THIS WEEK’S BANK RIP-OFF: The Financial Conduct Authority (FCA) said it had reached a deal with insurer CPP and 13 high street banks and credit card issuers to pay customers compensation of up to 1.3 billion pounds for mis-sold credit card insurance.

It is the latest mis-selling scandal to hit Britain’s banks, which have been forced to increase their capital buffers partly because of huge compensation payments.

“Seven million customers, who between them bought and renewed about 23 million policies, will soon receive a letter from CPP giving more information on the process,” the FCA said in a statement .

“The involvement of the banks and credit card issuers reflects the fact that they introduced customers to CPP’s products and so must share responsibility for putting things right.”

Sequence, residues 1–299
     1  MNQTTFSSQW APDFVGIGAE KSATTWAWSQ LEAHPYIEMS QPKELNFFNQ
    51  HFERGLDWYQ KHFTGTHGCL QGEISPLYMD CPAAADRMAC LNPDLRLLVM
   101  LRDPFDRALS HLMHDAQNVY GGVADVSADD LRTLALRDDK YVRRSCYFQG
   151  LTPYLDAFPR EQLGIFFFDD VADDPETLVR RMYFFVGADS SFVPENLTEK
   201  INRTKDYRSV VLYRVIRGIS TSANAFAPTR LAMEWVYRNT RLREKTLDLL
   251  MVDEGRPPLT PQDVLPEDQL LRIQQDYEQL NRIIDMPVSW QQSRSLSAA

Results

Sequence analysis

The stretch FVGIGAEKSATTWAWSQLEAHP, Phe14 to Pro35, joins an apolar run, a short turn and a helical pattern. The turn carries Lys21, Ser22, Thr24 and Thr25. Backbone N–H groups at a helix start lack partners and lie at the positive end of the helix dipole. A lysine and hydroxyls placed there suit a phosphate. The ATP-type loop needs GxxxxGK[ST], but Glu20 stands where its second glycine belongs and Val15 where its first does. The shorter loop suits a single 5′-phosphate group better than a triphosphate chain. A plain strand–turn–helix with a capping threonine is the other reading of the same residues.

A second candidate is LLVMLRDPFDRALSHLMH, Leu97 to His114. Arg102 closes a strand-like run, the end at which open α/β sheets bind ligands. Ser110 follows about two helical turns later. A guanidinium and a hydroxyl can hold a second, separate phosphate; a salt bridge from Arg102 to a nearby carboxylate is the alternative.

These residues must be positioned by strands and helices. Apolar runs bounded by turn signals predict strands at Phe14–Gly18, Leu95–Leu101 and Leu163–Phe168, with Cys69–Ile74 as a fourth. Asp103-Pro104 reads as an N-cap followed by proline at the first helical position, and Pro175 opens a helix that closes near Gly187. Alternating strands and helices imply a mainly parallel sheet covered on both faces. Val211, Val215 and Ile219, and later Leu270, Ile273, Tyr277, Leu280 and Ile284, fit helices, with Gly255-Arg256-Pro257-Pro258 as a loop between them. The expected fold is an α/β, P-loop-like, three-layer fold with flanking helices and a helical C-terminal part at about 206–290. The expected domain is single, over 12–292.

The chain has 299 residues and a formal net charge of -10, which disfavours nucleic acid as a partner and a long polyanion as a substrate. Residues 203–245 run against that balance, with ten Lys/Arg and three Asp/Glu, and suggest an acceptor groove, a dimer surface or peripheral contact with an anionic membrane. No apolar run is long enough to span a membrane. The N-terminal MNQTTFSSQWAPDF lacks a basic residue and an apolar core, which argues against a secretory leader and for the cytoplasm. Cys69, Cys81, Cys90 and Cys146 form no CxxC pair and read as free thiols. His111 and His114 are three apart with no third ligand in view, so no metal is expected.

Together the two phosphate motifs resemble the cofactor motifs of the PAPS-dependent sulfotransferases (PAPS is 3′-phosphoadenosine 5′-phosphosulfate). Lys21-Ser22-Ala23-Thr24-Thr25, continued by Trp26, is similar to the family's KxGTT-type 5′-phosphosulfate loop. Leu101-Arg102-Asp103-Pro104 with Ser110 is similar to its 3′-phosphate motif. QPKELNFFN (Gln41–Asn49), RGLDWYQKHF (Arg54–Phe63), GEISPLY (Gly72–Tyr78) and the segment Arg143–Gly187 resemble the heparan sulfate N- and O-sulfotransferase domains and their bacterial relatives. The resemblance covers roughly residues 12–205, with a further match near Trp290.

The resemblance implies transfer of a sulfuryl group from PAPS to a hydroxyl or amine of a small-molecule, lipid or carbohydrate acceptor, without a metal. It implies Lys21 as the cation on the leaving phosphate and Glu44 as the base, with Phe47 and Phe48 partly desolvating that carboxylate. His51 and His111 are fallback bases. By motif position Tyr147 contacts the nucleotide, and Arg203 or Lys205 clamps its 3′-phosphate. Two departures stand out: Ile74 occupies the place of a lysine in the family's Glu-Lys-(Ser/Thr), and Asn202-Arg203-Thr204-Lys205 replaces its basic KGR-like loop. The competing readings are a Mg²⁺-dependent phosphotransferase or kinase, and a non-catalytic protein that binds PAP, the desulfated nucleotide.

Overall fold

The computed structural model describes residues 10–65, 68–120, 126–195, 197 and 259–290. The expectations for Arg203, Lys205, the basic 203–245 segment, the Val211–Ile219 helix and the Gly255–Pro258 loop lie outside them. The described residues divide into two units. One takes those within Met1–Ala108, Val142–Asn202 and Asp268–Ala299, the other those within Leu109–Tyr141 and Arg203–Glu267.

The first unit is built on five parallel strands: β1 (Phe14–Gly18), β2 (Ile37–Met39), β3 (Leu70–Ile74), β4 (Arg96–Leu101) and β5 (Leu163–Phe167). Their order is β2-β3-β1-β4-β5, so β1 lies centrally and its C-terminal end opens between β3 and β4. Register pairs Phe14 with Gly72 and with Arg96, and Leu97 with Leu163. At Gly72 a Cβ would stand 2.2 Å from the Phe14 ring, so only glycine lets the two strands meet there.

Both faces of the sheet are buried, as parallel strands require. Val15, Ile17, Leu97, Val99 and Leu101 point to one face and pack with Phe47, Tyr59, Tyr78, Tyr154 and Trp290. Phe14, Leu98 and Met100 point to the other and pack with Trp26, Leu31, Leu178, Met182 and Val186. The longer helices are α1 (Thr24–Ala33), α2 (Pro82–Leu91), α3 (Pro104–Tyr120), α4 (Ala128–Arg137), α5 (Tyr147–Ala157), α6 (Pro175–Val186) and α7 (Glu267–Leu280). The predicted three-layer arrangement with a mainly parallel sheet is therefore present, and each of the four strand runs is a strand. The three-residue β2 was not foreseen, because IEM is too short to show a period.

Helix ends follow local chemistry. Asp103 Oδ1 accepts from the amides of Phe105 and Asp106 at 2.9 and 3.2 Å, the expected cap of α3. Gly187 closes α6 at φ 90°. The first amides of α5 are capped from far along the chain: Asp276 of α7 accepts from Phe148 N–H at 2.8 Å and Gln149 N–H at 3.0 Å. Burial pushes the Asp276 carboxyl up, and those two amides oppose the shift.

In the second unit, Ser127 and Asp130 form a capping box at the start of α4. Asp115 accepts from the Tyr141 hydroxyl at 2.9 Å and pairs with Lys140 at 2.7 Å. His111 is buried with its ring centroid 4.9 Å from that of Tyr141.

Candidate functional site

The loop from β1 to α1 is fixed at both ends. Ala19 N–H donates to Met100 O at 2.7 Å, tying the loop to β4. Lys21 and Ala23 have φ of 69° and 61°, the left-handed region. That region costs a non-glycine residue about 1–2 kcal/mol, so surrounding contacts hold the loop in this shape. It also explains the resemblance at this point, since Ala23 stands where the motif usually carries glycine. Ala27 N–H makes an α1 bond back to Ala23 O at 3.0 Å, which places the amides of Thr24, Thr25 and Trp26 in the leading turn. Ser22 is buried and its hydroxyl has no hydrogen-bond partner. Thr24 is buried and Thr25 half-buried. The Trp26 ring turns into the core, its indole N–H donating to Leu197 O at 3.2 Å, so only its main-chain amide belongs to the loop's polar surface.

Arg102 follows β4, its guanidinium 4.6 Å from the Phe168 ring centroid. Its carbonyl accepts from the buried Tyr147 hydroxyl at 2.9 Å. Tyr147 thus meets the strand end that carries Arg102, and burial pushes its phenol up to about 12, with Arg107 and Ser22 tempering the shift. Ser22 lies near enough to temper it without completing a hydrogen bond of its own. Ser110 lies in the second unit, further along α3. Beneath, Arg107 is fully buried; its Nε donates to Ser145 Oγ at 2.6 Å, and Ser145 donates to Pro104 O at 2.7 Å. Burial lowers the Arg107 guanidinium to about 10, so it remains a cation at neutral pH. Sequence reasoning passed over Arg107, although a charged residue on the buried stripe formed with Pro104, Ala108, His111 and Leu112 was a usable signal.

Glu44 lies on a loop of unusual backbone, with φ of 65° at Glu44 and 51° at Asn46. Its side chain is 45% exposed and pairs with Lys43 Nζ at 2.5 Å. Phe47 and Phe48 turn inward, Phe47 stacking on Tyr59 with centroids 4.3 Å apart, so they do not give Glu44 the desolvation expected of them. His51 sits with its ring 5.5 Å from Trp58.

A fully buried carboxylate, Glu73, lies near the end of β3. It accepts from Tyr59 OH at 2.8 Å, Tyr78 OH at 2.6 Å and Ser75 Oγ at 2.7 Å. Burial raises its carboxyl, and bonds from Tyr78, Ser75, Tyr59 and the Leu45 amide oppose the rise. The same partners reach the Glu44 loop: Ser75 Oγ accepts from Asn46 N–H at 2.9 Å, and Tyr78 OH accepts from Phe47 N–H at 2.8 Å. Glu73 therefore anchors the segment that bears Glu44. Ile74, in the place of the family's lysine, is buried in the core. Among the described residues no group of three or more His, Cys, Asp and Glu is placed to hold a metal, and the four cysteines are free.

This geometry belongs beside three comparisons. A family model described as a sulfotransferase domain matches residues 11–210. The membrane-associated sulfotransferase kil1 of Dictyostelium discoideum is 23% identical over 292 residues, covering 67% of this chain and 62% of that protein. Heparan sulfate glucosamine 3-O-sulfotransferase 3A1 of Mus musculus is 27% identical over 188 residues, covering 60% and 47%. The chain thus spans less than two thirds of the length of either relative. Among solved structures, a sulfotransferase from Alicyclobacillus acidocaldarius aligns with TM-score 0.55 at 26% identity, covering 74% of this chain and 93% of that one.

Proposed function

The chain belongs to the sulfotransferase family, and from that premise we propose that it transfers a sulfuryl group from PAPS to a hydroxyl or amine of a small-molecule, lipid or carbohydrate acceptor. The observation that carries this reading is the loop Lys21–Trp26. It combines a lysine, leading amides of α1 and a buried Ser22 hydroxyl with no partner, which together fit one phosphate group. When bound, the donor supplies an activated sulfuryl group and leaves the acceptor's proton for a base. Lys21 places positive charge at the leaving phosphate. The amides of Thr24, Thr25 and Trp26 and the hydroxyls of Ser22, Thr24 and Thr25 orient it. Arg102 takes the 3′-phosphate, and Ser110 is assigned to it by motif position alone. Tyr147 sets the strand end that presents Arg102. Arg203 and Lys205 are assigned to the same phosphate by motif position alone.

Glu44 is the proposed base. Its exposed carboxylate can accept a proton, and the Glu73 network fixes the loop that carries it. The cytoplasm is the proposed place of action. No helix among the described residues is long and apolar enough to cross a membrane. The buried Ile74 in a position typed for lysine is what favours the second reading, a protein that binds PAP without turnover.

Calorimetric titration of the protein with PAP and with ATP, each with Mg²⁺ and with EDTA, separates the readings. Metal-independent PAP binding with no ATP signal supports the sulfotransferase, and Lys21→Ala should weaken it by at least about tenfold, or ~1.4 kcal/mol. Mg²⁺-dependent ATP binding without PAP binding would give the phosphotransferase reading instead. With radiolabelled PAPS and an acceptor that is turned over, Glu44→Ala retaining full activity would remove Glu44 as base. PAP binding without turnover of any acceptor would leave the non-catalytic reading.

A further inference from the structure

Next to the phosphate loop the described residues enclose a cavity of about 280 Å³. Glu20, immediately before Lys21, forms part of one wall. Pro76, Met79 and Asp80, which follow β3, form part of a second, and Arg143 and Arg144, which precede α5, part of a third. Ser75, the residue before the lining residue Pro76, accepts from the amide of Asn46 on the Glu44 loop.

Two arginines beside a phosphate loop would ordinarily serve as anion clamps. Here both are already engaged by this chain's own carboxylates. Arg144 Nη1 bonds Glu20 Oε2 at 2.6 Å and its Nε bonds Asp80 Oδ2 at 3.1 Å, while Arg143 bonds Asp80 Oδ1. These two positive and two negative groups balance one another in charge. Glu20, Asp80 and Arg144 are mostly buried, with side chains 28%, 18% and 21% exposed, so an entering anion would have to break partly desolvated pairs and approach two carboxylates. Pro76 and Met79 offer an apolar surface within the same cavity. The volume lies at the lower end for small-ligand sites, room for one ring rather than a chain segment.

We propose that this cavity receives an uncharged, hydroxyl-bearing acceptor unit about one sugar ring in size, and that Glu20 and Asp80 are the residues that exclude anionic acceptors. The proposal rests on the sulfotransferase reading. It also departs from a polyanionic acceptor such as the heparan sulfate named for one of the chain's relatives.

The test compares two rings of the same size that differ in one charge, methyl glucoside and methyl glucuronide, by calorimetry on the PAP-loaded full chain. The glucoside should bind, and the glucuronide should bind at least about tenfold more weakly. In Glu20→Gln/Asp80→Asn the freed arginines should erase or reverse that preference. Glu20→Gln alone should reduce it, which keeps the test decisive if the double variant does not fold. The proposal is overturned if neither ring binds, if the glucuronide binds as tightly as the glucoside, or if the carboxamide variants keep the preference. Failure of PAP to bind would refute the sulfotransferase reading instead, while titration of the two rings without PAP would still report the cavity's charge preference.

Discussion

Banks are still paying out compensation for mis-selling payment protection insurance (PPI), which so far has totalled well over 10 billion pounds.

The Financial Services Authority, which was replaced by the FCA in April, fined CPP 10.5 million pounds in November for mis-selling. Card protection insurance costs about 30 pounds a year, with identity protection about 80 pounds annually.

The FCA said customers were given misleading and unclear information about the policies and ended up buying protection they did not need.

The banks, credit card issuers and CPP have agreed to a “scheme of arrangement” which seeks to make processing claims simpler and easier, subject to High Court approval.

The banks and credit card issuers are Bank of Scotland, Barclays, Canada Square Operations, Capital One, Clydesdale Bank, Home Retail Group Insurance Services, HSBC, MBNA, Morgan Stanley, Nationwide, Santander, RBS and Tesco Personal Finance.

The FCA said the first payments were not due until spring 2014.